Writing can be very rewarding, but both beginning and experienced writers sometimes have trouble getting motivated, staying inspired, finding the time, and continuing their work. Here are ten tips to jump start your writing – and keep it going.
Actually write. It sounds simple, but for some people it is not. There are plenty of wannabes who claim to be writers when people ask them what they do, when they haven’t written anything more demanding than their shopping list in the last year. If you’re going to write, you need to actually write. Not just think about it.
2. Write lots
Don’t get too precious about that one novel, or that one movie idea. Having lots of ideas and enthusiasm for many projects is a sign of a genuinely creative mind. Your novel idea won’t mind if you cheat on it a bit, if you get stuck. It won’t even mind if you realise that the glorious idea you had at the age of 18 is possibly not the route to publishing glory that you once thought it was. You probably have more than one good idea rattling around that brain of yours. Make sure you shake them out and pin them down in words.
3. Write in a variety of forms
Some stories are meant to be novels. Some are meant to be scripts. Some are short stories, or novellas. Some work best as poems. Maybe yours is meant to be a comic, or graphic novel. Don’t limit yourself to one medium when you’re starting out. You never know what you’ll get a taste for.
4. Write for other people
Writing is meant to be read. If you are serious about being a writer, you need people to read it. Otherwise there is no way of telling whether what you’re putting down on paper will match the images you want to make in your readers’ heads. Get yourselves a beta reader or two – and not someone who is biased in your favour. You need honest, constructive feedback telling you what works and what you can do better. Swap works with someone online, join a creative writing group, get together with another writer pal. Whatever works. But writing does not develop or improve in a vacuum.
Once you have had your feedback, do something with it. Don’t just file and forget and plod away. Take account of suggestions, even though you may not agree with all of them. Remember that you’re writing for an audience which may include yourself but should not be limited to yourself. Don’t get too protective about your first draft. (That’s why it’s called a first draft.)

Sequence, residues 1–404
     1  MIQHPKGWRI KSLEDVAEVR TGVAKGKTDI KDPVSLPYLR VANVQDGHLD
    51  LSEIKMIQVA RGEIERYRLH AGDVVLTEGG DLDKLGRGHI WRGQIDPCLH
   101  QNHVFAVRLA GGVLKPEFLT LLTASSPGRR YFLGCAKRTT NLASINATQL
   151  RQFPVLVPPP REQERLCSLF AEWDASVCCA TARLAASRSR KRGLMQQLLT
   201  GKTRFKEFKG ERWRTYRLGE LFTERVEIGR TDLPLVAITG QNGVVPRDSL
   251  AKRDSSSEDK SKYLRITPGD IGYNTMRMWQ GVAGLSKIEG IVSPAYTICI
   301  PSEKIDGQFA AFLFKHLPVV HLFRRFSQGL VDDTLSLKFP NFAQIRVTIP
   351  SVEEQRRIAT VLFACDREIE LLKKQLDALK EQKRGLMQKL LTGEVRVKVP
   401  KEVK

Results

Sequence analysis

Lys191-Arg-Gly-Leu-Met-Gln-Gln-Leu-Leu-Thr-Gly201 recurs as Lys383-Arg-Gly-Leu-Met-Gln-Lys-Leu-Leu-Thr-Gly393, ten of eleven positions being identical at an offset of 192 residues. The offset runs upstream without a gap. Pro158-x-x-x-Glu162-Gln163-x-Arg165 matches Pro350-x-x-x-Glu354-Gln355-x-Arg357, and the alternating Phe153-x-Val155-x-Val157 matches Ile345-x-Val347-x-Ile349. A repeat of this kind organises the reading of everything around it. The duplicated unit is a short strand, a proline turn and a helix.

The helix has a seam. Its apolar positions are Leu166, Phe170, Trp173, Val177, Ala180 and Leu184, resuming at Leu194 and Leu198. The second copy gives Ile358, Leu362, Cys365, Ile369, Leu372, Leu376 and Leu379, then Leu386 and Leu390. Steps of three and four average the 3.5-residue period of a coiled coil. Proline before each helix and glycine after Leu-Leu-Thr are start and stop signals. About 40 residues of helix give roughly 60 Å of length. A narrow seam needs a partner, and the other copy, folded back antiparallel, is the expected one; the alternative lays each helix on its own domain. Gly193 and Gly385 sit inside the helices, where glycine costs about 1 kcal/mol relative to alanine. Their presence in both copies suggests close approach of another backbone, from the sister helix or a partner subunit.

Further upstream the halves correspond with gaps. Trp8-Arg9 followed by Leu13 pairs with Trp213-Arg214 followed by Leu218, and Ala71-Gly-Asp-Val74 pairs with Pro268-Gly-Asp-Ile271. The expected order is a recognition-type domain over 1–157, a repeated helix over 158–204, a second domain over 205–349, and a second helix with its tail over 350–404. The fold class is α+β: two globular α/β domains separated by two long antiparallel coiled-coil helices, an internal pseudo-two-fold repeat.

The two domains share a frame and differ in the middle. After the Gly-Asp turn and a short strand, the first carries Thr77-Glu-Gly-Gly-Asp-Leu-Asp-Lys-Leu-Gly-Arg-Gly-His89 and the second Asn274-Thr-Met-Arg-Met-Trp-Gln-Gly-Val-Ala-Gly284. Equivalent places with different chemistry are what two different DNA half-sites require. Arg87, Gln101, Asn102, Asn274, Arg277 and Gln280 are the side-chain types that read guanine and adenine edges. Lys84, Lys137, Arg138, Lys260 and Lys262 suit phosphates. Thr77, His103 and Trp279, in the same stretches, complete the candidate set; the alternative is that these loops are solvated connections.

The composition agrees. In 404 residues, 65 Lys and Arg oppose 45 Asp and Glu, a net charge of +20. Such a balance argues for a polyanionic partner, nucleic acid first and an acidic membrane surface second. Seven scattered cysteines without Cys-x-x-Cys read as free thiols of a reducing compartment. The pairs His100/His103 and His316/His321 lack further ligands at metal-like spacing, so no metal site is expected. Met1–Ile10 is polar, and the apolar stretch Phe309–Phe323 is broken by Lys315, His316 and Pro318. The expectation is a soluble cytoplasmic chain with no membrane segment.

6. Write notes
Get a notebook and start taking it everywhere. You never know when those good ideas will strike. That perfect line of dialogue, the stinging comeback, a description of a smell, the light through a glass – write it down there and then, and don’t count on your memory to bring it out intact when you get home.
7. Write alone
While sharing the product of your labours with a reader is a good step, the act of writing is best performed alone. Not surrounded by noisy friends, demanding kids, howling pets, blaring TVs or grumpy partners. Every writer needs space and quiet to listen to the words in their own heads. Give yourself what you need and don’t feel guilty for needing it.
8. Write daily
It might be two lines. Or one hundred words. Or a thousand. A short poem. A long script. It doesn’t matter. Try to write something every day. You don’t have to finish it. It might be an epic length story, or it could be a #vss (a story contained in a tweet). Keep in the habit, it is the best way to avoid getting discouraged. It will also show the people around you that you are serious about wanting to write.
9. Write everywhere
Writers don’t really get time off. Make sure you have the tools with which to write wherever you are. Phone, notebook, netbook, tablet, laptop, whatever. The world is littered with devices to enable writers to write at home, on lunch breaks, on the tube, in the pub, in waiting rooms, in coffee shops, on trains, on holiday, you get the drift. Don’t stop writing. A change is as good as a rest, and a different location will make you see things in different ways.
10. Keep on writing
It’s easy to get discouraged after a rejection or some negative feedback, but don’t quit at the first sign of trouble. If you really want to be a writer, you need to keep writing and accept that you will improve over time. Nobody is born with the ability to write perfectly immediately, or even all the time. There will be some duds in your repertoire and people will point them out to you. That doesn’t mean you aren’t capable of better. So aim for better. Keep writing.
Do you have other writing tips? We invite you to share them below.